Compare any two graphics cards:
GeForce GTX 560 Ti 448 vs Radeon HD 7850
IntroThe GeForce GTX 560 Ti 448 makes use of a 40 nm design. nVidia has set the core speed at 732 MHz. The GDDR5 RAM works at a frequency of 900 MHz on this particular card. It features 448 SPUs along with 56 TAUs and 40 ROPs.
Compare those specs to the Radeon HD 7850, which comes with clock speeds of 860 MHz on the GPU, and 1200 MHz on the 2048 MB of GDDR5 RAM. It features 1024 SPUs along with 64 Texture Address Units and 32 Rasterization Operator Units.
(No game benchmarks for this combination yet.)
Power Usage and Theoretical Benchmarks
Power Consumption (Max TDP)
In theory, the Radeon HD 7850 will be 7% quicker than the GeForce GTX 560 Ti 448 in general, because of its higher data rate. (explain)
Texel RateThe Radeon HD 7850 will be quite a bit (more or less 34%) more effective at anisotropic filtering than the GeForce GTX 560 Ti 448. (explain)
Pixel RateThe GeForce GTX 560 Ti 448 should be a little bit (about 6%) faster with regards to FSAA than the Radeon HD 7850, and should be able to handle higher screen resolutions better. (explain)
Please note that the above 'benchmarks' are all just theoretical - the results were calculated based on the card's specifications, and real-world performance may (and probably will) vary at least a bit.
Please note that the price comparisons are based on search keywords - sometimes it might show cards with very similar names that are not exactly the same as the one chosen in the comparison. We do try to filter out the wrong results as best we can, though.
Memory Bandwidth: Memory bandwidth is the maximum amount of data (in units of MB per second) that can be transferred past the external memory interface in one second. It is calculated by multiplying the bus width by the speed of its memory. In the case of DDR type memory, it should be multiplied by 2 again. If DDR5, multiply by ANOTHER 2x. The better the bandwidth is, the better the card will be in general. It especially helps with anti-aliasing, HDR and high resolutions.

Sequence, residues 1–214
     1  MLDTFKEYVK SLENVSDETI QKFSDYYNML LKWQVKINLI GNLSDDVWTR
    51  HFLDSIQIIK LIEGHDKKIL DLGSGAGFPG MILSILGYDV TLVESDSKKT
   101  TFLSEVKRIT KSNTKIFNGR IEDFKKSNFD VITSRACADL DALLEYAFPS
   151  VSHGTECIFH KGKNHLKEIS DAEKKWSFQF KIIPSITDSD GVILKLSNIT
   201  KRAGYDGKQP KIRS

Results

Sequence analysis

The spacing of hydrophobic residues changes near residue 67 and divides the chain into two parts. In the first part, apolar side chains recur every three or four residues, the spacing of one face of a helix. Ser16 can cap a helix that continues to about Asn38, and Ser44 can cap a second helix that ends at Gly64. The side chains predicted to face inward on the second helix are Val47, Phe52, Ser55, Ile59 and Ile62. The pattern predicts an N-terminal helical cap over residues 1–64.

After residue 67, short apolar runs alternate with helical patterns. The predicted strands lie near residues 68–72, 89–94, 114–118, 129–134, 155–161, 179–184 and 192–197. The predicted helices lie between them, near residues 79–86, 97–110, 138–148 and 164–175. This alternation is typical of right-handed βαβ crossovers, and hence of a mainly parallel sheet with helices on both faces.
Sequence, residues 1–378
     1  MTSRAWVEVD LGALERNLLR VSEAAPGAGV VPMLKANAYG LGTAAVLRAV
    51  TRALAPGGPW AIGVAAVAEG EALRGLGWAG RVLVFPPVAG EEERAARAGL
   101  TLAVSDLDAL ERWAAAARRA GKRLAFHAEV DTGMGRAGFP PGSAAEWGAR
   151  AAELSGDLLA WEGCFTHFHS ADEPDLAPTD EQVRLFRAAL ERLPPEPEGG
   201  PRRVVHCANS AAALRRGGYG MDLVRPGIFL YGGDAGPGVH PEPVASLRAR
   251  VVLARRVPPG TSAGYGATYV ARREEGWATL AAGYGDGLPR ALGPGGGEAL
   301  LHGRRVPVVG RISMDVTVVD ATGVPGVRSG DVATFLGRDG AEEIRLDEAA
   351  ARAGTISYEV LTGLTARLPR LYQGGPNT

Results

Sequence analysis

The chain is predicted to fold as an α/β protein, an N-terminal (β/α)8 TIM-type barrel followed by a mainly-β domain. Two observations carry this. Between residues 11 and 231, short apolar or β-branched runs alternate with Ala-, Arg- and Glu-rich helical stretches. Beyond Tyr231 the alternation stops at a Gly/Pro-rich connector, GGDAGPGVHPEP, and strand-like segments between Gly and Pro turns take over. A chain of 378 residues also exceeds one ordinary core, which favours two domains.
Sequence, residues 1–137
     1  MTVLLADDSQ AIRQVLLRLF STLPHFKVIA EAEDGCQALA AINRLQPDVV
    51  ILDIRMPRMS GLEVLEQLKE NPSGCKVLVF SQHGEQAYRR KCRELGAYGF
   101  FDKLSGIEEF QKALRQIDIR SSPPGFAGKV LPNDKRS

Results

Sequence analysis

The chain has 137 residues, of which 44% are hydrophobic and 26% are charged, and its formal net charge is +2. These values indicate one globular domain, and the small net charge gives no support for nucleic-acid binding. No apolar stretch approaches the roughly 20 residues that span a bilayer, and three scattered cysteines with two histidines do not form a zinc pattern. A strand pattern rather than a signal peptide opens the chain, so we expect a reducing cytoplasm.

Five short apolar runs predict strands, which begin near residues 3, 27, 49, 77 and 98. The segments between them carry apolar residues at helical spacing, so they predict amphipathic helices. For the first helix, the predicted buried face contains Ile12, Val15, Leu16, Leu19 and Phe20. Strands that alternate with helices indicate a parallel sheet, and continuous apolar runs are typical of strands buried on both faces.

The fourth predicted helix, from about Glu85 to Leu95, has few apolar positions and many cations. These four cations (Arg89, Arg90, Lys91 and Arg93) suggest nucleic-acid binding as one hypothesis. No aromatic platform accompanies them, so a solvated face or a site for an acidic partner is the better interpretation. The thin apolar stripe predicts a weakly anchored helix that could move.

Texel Rate: Texel rate is the maximum number of texture map elements (texels) that can be applied per second. This is calculated by multiplying the total texture units of the card by the core clock speed of the chip. The higher this number, the better the video card will be at texture filtering (anisotropic filtering - AF). It is measured in millions of texels applied in one second.
Pixel Rate: Pixel rate is the maximum number of pixels that the graphics card can possibly record to the local memory per second - measured in millions of pixels per second. The figure is calculated by multiplying the amount of colour ROPs by the the card's clock speed. ROPs (Raster Operations Pipelines - also sometimes called Render Output Units) are responsible for filling the screen with pixels (the image). The actual pixel fill rate also depends on lots of other factors, most notably the memory bandwidth - the lower the bandwidth is, the lower the potential to reach the maximum fill rate.